What is the case-control (CC) study?
The second study design included in the IARC report were case-control (CC) studies. One such study was by Erhardt et al. who conducted a CC consisting of 502 Caucasians investigating the association between alcohol, smoking, dietary factors and the risk of colorectal adenomas and hyperplastic polyps. The H.O.E. suggests that in high quality CC studies, the control group is similar to cases in every aspect except for the presence of the outcome. Erhardt’s CC lacks robustness as both cases and controls had adenomas, and the cases with adenomas had a higher body mass index (BMI) than controls. Further, a greater number of cases were smokers compared with controls. Similarly, patients with hyperplastic polyps had greater intakes of alcohol and cigarettes compared with controls. Shimizu et al. highlighted in his cohort that BMI, smoking, and alcohol are important. Had cases been similar to controls in all the above aspects, outcomes may have been different.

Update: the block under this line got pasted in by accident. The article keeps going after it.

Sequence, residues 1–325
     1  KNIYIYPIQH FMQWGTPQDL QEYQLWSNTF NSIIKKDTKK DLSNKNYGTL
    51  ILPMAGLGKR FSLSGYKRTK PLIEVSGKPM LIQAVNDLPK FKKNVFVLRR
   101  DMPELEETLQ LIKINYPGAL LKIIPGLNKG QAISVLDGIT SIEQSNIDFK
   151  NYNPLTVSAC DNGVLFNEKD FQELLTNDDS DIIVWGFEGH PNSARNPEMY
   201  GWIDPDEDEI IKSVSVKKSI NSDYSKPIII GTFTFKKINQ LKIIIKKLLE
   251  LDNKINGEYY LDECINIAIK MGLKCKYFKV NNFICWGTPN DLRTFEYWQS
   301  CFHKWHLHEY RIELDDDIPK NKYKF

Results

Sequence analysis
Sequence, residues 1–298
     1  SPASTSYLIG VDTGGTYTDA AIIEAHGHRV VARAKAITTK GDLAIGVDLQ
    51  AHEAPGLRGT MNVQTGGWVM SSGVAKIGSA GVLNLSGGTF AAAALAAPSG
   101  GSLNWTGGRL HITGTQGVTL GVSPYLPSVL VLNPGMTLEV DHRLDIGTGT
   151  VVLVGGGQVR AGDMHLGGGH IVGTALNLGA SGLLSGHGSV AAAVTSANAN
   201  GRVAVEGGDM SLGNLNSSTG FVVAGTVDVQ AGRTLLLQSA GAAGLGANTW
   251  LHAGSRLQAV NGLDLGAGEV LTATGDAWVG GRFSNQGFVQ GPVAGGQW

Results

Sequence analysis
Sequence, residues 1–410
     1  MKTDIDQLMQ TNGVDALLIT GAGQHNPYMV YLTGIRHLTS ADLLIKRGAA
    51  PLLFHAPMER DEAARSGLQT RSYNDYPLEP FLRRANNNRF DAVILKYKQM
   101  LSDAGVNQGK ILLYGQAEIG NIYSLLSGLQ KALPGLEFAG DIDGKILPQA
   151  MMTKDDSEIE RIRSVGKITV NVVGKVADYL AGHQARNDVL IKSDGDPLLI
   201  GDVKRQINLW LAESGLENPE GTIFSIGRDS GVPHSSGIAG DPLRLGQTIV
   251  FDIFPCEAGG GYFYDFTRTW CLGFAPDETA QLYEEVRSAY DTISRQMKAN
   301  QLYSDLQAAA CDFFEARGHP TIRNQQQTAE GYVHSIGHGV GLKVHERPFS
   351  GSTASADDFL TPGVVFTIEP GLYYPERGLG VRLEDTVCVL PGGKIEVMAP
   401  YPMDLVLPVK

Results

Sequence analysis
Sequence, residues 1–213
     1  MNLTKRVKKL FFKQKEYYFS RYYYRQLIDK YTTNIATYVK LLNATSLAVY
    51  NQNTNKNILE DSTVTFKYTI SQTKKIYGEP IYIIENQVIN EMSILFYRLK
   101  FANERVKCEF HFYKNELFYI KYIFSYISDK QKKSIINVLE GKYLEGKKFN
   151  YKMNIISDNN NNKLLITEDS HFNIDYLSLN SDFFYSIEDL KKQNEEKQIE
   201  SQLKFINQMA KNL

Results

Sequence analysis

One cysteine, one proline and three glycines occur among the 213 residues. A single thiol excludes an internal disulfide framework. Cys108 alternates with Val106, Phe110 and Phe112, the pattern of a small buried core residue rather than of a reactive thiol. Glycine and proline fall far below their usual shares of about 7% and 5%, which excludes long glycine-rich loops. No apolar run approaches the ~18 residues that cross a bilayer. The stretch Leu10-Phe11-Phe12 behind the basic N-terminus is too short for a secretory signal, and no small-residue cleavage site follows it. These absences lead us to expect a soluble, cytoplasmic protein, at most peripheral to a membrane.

Millan et al. highlight the importance of age reporting 60% of CRC patients are & 70 years(yrs). Erhardt’ study was not randomly allocated but included participants who were within the selective age range of & 30yrs and 15g/d) is a risk factor for the development of hyperplastic polyps. However, this cannot be of certainty as the confidence interval is extremely wide (OR 3.70, 95% CI 1.49- 9.19). What’s more, the IARC study considered findings from this CC to be positively associated with CRC. However, Burnett- Hartman et al. argues that colorectal hyperplastic polyps are mostly identified as innocuous lesions. Therefore it is wrong to assume they will always progress to cancer.